11 March 2013

at times like this, i long for france. {or, how i wish i could take my pug everywhere.}

With a title like that—and if you, for some reason, have been following the weather where I live—you're probably thinking: Oh Lord, she's going to write about the beauty of the rain and how it reminds her of Normandie. Again.

Well, I'm not. So there.

This warm almost-spring rain does make my rather mundane town feel like it's been transported to northern France. When I'm out walking little pug in the early morning, I can close my eyes and pretend, just for a moment, that I'm walking down the Eau de Robec in Rouen, which is this little street that has a stream running down one side of it. There are cafes and half-timbered buildings and even an art studio where I often considered stopping in to take a painting lesson.

It's all in the smell of rain on pavement, I've convinced myself. That is the aroma of Normandie, and this spring rain has brought it back to me.

But if I walk with my eyes closed for too long, I will run into a tree or a light post here on my very American street named Duane and so I need to keep those urges and longings for France in check.

And dang, I just wrote about the beauty of the rain and how it reminds me of Normandie, didn't I?

Let's start afresh.

I long for France at various moments {many of them related to food}, but right now, I am longing for that ability in France to take your dog everywhere.

Dogs in markets and cafes, restaurants and, bien sur, on the Eau de Robec. The French definitely embrace that "man's best friend" aspect of dogs {even if they don't always embrace actually cleaning up after their little friends}.

Now, I am not feeling this way because I fear Miss Daisy has become lonely at home during my workdays and needs me around for companionship. I'm not even worried about how—as one of my co-workers points out frequently—I travel a lot for work, which means Miss Daisy gets to stay with various people, leading her to be confused about who her real family is.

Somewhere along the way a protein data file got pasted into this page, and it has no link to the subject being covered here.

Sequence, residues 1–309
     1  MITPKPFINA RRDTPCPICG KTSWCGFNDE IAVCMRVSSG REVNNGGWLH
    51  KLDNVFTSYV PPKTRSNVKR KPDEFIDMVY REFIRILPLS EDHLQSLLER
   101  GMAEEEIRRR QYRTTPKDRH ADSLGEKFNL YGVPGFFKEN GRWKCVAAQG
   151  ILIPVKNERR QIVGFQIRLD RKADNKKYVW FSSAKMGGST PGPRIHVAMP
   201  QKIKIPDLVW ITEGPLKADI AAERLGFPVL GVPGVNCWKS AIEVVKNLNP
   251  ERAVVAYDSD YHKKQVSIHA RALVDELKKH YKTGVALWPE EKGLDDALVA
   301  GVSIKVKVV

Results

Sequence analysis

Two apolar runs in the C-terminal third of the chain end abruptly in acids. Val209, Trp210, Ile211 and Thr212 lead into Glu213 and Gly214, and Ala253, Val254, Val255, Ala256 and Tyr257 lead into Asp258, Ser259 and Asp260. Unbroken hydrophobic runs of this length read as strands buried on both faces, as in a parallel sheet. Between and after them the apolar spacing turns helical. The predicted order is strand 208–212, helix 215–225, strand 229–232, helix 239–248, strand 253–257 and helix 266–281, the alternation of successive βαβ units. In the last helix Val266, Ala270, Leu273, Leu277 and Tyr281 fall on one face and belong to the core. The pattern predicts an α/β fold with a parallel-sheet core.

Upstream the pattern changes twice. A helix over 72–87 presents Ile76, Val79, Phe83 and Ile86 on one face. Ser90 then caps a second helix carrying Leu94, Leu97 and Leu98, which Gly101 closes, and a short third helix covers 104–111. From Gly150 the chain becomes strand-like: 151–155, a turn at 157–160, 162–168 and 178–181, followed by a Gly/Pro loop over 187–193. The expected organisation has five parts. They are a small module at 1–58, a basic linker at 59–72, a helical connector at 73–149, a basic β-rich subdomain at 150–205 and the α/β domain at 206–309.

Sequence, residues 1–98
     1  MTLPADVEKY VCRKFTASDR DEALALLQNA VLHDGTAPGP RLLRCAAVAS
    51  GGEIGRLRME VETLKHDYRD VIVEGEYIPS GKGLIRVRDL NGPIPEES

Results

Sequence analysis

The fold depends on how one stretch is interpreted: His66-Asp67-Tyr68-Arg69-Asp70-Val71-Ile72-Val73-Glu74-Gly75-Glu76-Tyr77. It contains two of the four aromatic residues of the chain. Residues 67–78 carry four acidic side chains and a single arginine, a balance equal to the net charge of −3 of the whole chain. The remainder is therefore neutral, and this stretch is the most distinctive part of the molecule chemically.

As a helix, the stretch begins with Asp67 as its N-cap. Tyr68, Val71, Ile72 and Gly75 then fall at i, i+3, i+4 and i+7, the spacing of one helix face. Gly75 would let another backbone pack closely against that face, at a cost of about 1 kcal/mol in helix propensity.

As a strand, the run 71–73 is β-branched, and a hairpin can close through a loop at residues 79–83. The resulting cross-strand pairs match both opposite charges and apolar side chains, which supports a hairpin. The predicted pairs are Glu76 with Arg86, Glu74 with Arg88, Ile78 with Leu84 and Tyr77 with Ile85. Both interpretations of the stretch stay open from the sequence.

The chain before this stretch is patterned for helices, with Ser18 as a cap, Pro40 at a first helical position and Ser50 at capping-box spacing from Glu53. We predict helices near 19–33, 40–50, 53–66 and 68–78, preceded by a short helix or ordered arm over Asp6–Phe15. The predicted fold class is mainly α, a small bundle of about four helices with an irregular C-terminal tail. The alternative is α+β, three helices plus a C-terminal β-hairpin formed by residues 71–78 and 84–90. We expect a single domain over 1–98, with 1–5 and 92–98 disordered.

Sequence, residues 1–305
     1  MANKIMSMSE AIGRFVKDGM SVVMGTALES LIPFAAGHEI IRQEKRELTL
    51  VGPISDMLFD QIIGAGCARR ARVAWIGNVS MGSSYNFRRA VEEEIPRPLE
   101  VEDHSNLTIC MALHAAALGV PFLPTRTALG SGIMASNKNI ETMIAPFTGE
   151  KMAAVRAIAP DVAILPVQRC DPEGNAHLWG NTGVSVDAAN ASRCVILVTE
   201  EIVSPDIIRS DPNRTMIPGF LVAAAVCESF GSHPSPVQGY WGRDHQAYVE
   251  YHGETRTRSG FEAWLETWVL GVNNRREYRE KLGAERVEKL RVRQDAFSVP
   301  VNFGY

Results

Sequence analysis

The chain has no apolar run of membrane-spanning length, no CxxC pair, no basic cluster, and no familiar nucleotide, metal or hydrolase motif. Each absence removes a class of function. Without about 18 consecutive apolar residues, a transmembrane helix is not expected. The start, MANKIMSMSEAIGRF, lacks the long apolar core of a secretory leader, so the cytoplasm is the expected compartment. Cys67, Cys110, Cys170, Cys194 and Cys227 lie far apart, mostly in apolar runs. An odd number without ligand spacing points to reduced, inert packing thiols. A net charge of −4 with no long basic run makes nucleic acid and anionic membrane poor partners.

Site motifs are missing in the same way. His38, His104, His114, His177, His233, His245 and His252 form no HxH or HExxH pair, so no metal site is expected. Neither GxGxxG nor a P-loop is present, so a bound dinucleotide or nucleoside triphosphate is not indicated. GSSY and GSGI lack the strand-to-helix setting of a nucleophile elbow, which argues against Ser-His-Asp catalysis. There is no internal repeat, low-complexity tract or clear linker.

I am her family. She knows this because I tell her all the time, when I'm not travelling, obviously. It's not like I call her when I'm on the road. That'd be weird, and I don't want to be weird; I just want to be able to take her wherever I go tomorrow.

For one day, I want to be French because I have this guy coming to install a new fireplace for me.

{As an aside, I should acknowledge that as cavalierly as I said "this guy," it makes it sound like I wandered into the DMV and announced: All you people just waiting around here, do any of you know anything about fireplaces? You do, guy over there? Great. Please come to my house next week. Thanks.

That is not at all how this happened. It's a legit contractor coming to install my fireplace, but I feel a tad pretentious saying "my contractor." I could also refer to "my interior designer," if I wanted to up the pretentiousness, but that person would really just be me, wandering around Home Depot trying to pick out tiles.}

So this guy—my contractor—is coming to install a new fireplace, and I've taken the day off work in order to make important decisions about tile placement and such.

Because I'm me, though, I keep thinking of other things I could do with my day off:
go to a cafe to write
go to Hobby Lobby when there aren't 3million people around
take myself out to lunch

And then I remember the little pug. She really can't be left alone with strangers, especially strangers making loud noises and ripping things apart. She would most definitely be a micromanager and want to stick her nose in everything. She may even try to crawl into the fireplace in order to inspect it/sneeze on it {which is a pug's version of approval}.

If I were in France, Miss Daisy could come with me. I would even consider getting her a little bag like this:

She would love it and all the old French ladies would coo over her—and I would be able to run errands.

But I'm not in France, am I? I am somewhere where I get a day of rest at home tomorrow, mixed in with loud noises and tile decisions.

Coming at the end of a couple weeks of travel, I should be grateful for this, this atypical day of rest.

Maybe I should thank my little pug for giving me a reason to just be at home without the pressure to be accomplishing anything.

As a reward for just being herself, maybe I'll take her on a long afternoon walk and pretend we're in France.

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